Study Finds Metformin Works Better in African Americans

Miriam E. Tucker

June 12, 2014

African Americans with type 2 diabetes respond better to metformin's glucose-lowering effect than do whites, a new study finds.

The results, from a large health system electronic records database, were published online June 12 in the Journal of Clinical Endocrinology & Metabolism.

"We were quite surprised by the consistency of our findings," said lead author L. Keoki Williams, MD, associate director of the Center for Health Policy and Health Services Research at the Henry Ford Health System in Detroit, Michigan. "Regardless of how well-controlled diabetes was at baseline, African American patients appeared to respond consistently better to metformin than did white patients," he told Medscape Medical News.

The findings lend support to current recommendations to use metformin as first-line treatment for type 2 diabetes in this population in particular, he said.

However, he added, "Further studies are needed to assess whether the greater reduction in HbA1c levels in African Americans also translates to greater improvement in hard clinical outcomes."

Consistent Findings

Dr. Williams and colleagues identified 19,672 patients with diabetes who had records of 2 or more prescription fills of metformin between January 1997 and June 2013 and who had at least 2 HbA1c measurements separated by 4 months between the first and last metformin prescriptions on record. Of those individuals, 7429 self-identified as being African American, and 8783 as white.

Patients in the African American group were younger (55.1 vs 59.5 years; P = .001), more were female (58.6% vs 47.8%; P = .001), and they had higher baseline HbA1c values (7.8% vs 7.4%; P = .001).

The investigators considered the first HbA1c measurement after metformin initiation as the baseline value so that changes in HbA1c levels could be related to the measures of drug exposure in the intervening time period while adjusting for total time on treatment. The average duration of time between metformin initiation and baseline HbA1c measurement was 171 days, and average follow-up was 5.18 years.

After adjustment for age, sex, race/ethnicity, body mass index, baseline HbA1c, total time on metformin, and exposure to other diabetes medications, metformin use at the maximum dose (2550 mg/day) was associated with an overall 0.62-percentage-point reduction in HbA1c compared with no metformin exposure.

The results showed a large difference by race/ethnicity. Metformin use was associated with a 0.90-percentage-point HbA1c reduction from baseline among African Americans compared with a drop of just 0.42-percentage-points among whites (P = .001). The differences between the 2 groups remained significant for all baseline HbA1c values between 6% and 9%.

"The magnitude of the difference was also surprising — on the order of 0.5% — which is quite large when one considers that the average baseline HbA 1c was 7.5% in our study population and that being 'controlled' on treatment is defined as an HbA1c level less than 7.0%. Therefore, the difference in treatment response was well within the range of influencing whether patients achieved diabetes 'control,' " Dr. Williams told Medscape Medical News.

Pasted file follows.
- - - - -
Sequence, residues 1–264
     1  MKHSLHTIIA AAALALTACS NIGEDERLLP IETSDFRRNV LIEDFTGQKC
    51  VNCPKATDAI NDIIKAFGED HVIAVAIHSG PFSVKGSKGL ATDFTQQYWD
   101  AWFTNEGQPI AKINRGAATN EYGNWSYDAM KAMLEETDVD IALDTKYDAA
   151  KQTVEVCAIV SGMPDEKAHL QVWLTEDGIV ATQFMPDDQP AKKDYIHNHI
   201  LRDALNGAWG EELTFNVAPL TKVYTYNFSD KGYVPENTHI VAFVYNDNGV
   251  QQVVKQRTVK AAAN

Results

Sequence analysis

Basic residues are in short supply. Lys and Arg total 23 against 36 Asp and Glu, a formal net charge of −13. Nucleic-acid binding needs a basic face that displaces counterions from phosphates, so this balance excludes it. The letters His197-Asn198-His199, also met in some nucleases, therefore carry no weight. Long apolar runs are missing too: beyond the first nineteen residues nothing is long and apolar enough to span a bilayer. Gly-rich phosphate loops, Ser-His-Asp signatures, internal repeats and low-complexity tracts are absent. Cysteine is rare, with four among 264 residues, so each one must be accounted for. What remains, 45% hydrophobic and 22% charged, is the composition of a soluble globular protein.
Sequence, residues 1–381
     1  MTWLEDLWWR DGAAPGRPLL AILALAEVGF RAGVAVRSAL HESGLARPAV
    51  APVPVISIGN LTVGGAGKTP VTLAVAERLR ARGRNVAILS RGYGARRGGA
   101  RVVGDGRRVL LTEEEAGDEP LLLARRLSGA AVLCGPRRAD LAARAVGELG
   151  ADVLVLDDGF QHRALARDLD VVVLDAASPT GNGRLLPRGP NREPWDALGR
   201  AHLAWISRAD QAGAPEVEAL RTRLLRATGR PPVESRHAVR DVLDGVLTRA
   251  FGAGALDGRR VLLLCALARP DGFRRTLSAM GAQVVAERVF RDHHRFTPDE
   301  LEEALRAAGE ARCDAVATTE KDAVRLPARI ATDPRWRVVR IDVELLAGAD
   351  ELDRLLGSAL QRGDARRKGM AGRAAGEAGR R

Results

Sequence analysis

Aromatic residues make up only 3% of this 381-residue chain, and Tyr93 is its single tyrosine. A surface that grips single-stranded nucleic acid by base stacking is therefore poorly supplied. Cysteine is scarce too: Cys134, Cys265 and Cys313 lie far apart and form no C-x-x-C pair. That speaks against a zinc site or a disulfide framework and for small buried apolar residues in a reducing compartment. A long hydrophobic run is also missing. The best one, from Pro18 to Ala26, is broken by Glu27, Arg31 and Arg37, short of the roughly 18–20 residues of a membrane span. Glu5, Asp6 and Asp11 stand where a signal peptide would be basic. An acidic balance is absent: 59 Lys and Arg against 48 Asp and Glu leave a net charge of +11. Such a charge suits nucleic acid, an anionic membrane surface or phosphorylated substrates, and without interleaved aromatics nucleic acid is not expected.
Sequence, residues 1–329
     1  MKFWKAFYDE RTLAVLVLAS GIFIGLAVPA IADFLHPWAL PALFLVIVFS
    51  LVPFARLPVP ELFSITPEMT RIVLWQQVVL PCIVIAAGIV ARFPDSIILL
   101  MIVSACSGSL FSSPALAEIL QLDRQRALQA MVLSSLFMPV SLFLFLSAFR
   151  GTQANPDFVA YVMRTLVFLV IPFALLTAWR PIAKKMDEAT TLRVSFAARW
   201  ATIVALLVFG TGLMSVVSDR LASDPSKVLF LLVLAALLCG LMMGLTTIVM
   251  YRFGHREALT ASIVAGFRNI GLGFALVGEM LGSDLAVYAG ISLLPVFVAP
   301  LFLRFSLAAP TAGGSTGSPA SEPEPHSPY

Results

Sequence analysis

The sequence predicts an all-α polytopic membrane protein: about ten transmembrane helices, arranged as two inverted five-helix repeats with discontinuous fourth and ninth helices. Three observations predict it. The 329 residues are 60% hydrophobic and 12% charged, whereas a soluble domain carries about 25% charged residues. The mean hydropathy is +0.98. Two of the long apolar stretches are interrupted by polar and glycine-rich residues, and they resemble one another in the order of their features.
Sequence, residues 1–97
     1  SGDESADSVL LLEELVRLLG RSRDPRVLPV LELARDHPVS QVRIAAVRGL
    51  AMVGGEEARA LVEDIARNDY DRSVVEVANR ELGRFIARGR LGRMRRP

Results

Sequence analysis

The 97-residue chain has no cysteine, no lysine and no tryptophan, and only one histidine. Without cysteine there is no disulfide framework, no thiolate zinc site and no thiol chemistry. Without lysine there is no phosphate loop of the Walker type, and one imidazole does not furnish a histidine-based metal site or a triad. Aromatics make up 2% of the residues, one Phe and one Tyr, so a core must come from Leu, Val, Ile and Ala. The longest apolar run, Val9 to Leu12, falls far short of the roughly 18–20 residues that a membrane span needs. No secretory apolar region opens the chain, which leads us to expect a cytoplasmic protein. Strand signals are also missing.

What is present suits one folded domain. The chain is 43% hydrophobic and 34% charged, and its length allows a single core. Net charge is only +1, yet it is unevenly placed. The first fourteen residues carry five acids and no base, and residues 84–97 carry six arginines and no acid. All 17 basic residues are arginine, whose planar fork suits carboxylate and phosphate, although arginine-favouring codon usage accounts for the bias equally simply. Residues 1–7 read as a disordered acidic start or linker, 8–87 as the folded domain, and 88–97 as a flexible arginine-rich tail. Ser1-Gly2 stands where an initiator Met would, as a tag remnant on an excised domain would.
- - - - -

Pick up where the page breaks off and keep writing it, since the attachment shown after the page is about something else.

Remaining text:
Overall response to metformin increased with increasing baseline HbA1c levels (P < .001), and that effect was stronger among African Americans than among white patients (P < .001).

In another analysis that accounted for the full duration between HbA1c measurements — 9.1 months for African Americans vs 8.3 months for whites — and after adjustment for confounders, the drop in HbA1c from baseline was lower (0.22 percentage points overall), but still significantly greater for the African American group (0.26 vs 0.17 percentage points).

The greater response to metformin among African Americans remained in other sensitivity analyses, including those restricting the analysis to patients who had de novo treatment of diabetes with metformin monotherapy, a baseline HbA1c measurement within 2 weeks preceding treatment initiation, and a follow-up HbA1c measurement between 4 and 5 months after metformin initiation.

Areas of Future Study

Dr. Williams told Medscape Medical News that because he and his colleagues carefully accounted for baseline differences such as body weight, age, sex, and treatment adherence, the differences were unlikely to be related to those factors.

"Therefore, genetic influences may very well underlie the difference — or part of the difference — in metformin treatment response, but this will require more research. As we learn more about the genetics of drug response, we are finding a number of circumstances in which genetic differences can influence both the likelihood of responding and the likelihood of having a severe side effect to medication, [such as with] warfarin and carbamazepine."

He added, "This work highlights the importance of assessing medication response in all populations, as groups may have different rates of treatment-related benefits and harms. These between-group differences can then be leveraged to identify both the genetic and nongenetic predictors of medication response."

This study was funded by grants from the National Institutes of Health and the Fund for Henry Ford Hospital. Dr. Williams and his coauthors have disclosed no relevant financial relationships .

J Clin Endocrinol Metab. Published online June 12, 2014. Abstract


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